Apple goes above and beyond when it comes to helping the visually impaired. With brilliant accessibility tools across all of their product lines, they are looking out for most everyone. In fact one could even say the greatest accessibility tool is Siri. Having a personal assistant to help you perform tasks on your phone without the need of even looking at the screen is an advancement that will certainly help everyone, especially, the visually impaired.
It won’t be to long before you see a super-intelligent rendition of Siri implemented across OS X. However, even amazingly smart artificial intelligence has it’s limits. When it comes down to it, Siri has no way of helping you read the words on your screen. In the mean time, while we wait for Siri to be able to think and see for us, apps like Zoom It make zooming in on your Mac quick and easy.
Get the big picture from your menu bar
There are already so many tools in OS X for helping visually impaired users that we initially scratched our collective head at Zoom It, an application that lets you magnify parts of your screen with a customizable loupe. But although it’s no substitute for OS X’s built-in visual accessibility features, it’s a handy way to access some of them quickly.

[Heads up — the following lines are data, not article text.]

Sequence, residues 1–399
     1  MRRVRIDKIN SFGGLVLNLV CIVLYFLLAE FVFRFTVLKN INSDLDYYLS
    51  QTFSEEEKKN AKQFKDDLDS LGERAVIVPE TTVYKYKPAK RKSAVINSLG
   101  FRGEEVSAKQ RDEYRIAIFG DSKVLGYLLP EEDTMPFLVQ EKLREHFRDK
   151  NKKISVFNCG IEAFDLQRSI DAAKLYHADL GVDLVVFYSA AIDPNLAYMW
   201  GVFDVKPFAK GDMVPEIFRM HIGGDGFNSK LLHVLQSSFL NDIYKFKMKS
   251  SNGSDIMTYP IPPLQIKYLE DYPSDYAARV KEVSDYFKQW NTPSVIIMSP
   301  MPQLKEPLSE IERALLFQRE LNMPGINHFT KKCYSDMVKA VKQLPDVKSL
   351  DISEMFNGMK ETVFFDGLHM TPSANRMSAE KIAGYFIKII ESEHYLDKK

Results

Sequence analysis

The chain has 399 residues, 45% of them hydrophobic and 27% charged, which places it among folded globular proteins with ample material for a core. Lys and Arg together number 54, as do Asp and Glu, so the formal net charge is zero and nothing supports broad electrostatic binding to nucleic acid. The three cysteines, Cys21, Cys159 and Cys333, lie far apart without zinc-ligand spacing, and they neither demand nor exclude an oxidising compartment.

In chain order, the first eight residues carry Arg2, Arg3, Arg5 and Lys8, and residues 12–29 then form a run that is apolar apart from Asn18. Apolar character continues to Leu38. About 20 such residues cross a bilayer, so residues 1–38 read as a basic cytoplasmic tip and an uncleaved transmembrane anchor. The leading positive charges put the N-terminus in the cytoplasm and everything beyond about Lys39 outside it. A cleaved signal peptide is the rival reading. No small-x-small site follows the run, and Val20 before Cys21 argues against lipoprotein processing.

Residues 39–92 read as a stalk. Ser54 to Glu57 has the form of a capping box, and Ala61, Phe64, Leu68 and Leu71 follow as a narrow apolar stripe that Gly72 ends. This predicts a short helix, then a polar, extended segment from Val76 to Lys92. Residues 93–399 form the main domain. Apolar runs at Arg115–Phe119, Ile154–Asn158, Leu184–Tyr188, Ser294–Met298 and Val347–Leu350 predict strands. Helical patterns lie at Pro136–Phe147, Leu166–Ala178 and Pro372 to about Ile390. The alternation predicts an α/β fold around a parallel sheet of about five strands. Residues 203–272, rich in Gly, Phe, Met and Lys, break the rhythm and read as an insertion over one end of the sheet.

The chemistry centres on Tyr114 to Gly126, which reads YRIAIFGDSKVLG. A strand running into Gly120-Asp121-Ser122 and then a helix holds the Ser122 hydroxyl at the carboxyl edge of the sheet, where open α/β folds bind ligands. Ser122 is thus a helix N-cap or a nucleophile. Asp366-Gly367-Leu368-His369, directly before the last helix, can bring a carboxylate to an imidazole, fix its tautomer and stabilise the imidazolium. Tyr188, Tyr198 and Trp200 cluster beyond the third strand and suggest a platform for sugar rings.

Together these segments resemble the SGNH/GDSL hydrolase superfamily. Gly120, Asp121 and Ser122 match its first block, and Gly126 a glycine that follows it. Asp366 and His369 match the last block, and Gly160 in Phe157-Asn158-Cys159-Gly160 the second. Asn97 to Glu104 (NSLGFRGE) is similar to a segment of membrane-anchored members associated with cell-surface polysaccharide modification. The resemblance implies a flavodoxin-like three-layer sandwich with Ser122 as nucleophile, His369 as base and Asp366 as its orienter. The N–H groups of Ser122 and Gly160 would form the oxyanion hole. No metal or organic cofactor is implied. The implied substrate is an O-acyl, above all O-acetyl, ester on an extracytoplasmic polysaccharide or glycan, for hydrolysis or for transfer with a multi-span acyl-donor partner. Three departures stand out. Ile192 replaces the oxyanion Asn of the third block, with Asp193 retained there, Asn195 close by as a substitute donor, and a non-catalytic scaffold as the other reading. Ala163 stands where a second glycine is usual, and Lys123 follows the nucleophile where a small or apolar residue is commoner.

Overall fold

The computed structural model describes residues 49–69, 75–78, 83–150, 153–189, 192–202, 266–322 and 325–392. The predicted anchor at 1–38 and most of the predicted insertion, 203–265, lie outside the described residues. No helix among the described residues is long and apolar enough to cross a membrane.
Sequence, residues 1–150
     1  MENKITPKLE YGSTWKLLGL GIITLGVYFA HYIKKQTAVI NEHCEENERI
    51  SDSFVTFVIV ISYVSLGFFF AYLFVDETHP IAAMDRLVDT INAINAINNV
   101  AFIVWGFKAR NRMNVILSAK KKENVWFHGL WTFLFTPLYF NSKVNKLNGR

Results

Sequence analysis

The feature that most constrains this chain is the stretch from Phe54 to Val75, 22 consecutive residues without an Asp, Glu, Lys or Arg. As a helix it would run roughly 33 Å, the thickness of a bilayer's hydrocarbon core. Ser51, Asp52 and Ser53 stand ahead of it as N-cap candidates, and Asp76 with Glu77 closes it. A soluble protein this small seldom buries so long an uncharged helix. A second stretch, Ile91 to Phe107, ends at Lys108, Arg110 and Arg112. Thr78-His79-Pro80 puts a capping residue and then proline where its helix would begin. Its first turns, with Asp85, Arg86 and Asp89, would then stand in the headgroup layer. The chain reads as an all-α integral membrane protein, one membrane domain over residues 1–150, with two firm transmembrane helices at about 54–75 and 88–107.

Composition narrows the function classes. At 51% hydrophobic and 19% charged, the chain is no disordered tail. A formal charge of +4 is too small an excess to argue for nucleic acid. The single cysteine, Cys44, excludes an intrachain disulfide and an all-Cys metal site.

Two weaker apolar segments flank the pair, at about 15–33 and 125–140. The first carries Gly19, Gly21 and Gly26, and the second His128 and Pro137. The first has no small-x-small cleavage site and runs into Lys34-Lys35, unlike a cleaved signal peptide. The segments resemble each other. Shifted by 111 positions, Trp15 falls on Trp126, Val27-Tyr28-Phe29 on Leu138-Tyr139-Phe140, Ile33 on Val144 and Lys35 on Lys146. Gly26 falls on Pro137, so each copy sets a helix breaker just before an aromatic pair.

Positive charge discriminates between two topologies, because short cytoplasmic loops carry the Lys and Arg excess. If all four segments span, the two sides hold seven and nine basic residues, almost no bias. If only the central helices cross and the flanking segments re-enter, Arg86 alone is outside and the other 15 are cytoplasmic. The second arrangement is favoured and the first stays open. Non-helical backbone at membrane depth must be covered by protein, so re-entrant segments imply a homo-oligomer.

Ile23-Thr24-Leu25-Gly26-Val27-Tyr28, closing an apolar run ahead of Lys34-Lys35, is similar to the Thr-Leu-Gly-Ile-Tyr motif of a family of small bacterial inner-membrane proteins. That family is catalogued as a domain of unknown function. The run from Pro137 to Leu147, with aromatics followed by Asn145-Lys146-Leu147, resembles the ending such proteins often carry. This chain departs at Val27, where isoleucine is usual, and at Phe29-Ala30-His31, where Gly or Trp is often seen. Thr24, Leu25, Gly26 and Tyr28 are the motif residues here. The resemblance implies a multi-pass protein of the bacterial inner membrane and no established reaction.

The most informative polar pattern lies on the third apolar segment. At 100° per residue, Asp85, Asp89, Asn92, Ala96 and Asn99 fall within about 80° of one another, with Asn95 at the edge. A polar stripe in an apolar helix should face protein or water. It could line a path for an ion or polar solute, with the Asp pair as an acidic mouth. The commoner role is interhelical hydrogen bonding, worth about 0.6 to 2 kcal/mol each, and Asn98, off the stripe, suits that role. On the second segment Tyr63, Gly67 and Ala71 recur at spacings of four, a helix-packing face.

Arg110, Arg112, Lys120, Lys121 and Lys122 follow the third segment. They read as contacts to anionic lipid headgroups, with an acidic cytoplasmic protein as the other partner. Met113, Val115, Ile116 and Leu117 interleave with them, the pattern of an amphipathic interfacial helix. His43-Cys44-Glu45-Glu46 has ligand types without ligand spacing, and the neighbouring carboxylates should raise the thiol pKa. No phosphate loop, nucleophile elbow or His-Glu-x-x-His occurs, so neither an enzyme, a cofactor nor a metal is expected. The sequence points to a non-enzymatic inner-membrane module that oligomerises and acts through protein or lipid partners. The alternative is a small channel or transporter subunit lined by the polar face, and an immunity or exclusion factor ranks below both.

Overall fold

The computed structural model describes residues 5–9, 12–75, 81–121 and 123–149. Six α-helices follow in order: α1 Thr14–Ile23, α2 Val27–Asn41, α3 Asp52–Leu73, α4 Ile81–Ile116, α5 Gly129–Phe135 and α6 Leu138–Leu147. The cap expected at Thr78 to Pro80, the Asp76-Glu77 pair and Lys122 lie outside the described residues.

When small text comes along, you must Zoom It.
Like the device it represents, Zoom It is nothing if not easy to use. Clicking its menu bar icon displays a brief menu that lets you show and hide the loupe, which looks right at home in OS X thanks to a 3D border and a slightly shaded view under its virtual glass. You can also change its size and zoom level, and switch from a round to a rectangular loupe. That’s useful when moving from images to text, but you can’t resize the loupe with a pinch the way you can Preview’s Magnifier tool. Each feature can be controlled with customizable keyboard commands, including shortcuts to temporarily show the loupe, and another that takes a screenshot of just the magnified area. True to its name, using Zoom It was speedy, and it didn’t affect keyboard commands, trackpad gestures, and other controls in our applications.